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This pass should not be confused with its more modern cousin – the Hoogte Pass on the N2, although the new one did effectively replace the old pass. The old pass lives on and is in surprisingly good condition. It services the farming areas near George as well as the town of George itself and connects them with Great-Brak, Glentana and some smaller seaside settlements. The pass was originally built by Henry Fancourt White in 1848.

Published in The Western Cape

The original pass was named after one of the area's pioneer farmers - Marthinus van Staden, who was the first person to plot a rudimentary track through the Van Stadens River Gorge. By 1867 the Cape Government decided to rebuild the pass to acceptable standards for wagon traffic. The actual construction was managed by George Apsey from 1865 to 1867.

Over time the pass was modified and tarred in the 1950's. When the N2 was rebuilt and improved, a new bridge was built which would span the Van Stadens River gorge and in the process completely remove all aspects of a mountain pass. Similar changes took place at several big bridges along the N2, such as Storms River, Bloukrans and Grootrivier. It takes about 30 seconds to drive over the gorge on the N2 today, which is fine if youre in a hurry, but the charm of the old pass is still available to those with a some extra time to spare. The downside of the tall new bridge is that it saw its first suicide victim soon after being built. One suicide followed another and soon the new bridge became known as the Bridge of Death. Authorities have subsequently erected cages along both sides and a call centre is on standby to help desperately depressed people.

Whilst the old pass still holds its charm and allure, the new bridge casts a sombre mood on an otherwise beautiful river gorge.

Published in The Eastern Cape

The Grootrivier Pass  - (on route R102) played a significant role in the economic developement of the Cape Colony and was originally built by Thomas Bain between 1822 and 1823. Together with it's sister pass, the Bloukrans Pass, they presented some highly technical problems to Bain, who had to contend with rockslides, mud, high rainfall, shale, unstable slopes and the omnipresent baboons. This pass is a perennial favourite and a joy to drive with its tortuous corners and stunning scenery amongst veryold forests of the Tsitsikamma.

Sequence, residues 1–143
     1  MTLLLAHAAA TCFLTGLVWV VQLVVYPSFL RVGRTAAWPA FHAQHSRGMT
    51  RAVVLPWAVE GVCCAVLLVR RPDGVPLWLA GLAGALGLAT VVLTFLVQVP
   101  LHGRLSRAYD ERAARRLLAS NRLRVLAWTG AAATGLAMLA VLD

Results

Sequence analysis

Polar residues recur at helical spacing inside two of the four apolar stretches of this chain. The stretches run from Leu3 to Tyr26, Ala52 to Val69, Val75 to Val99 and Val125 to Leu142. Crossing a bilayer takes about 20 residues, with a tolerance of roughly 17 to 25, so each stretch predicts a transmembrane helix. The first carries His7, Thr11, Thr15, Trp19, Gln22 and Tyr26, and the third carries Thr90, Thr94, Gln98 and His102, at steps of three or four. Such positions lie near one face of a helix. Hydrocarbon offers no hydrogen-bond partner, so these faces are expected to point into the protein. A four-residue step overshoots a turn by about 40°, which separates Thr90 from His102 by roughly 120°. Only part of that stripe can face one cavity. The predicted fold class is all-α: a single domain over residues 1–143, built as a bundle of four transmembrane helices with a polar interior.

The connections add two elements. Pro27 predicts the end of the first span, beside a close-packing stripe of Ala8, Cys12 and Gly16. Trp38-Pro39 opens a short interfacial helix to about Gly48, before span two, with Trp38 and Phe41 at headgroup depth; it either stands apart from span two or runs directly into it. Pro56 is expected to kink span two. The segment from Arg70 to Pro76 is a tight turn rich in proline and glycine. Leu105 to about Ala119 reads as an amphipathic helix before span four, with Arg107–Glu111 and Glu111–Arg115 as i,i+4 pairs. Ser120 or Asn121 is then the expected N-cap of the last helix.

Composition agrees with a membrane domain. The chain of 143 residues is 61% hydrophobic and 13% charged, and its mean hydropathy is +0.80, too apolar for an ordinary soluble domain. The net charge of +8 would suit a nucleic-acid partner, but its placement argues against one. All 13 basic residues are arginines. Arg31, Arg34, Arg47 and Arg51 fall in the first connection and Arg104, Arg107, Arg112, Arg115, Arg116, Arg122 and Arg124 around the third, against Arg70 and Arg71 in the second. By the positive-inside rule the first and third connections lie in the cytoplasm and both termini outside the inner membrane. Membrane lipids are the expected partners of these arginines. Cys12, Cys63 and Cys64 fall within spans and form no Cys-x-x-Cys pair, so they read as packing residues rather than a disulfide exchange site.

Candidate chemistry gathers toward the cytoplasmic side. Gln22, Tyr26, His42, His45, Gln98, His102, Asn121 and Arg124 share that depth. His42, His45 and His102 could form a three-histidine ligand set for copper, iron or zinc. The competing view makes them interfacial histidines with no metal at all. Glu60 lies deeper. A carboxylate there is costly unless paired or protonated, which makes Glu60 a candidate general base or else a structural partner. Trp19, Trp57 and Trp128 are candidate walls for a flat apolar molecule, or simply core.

Published in The Western Cape

The Bloukranspas translates directly from Afrikaans into 'Blue Grag's Pass'.  Master pass-builder, Thomas Bain, relished the challenge of planning a route through both of the formidable obstacles of the Grootrivier and Bloukrans gorges within the Tsitsikamma Forests, when the government first started considering a coastal road between Port Elizabeth and Plettenberg Bay in the 1880's. The Bloukrans Pass is one of the most revered and respected passes in South Africa. It is a sad indictment that this road has been allowed to degenerate into such a state of disrepair that it has now been declared closed to traffic. This pass is surely worthy of National Monument status! 

Published in The Western Cape

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Mountain Passes South Africa

Mountain Passes South Africa is a website dedicated to the research, documentation, photographing and filming of the mountain passes of South Africa.
 

Passes are classified according to provinces and feature a text description, Fact File including GPS data, a fully interactive dual-view map and a narrated YouTube video.
 

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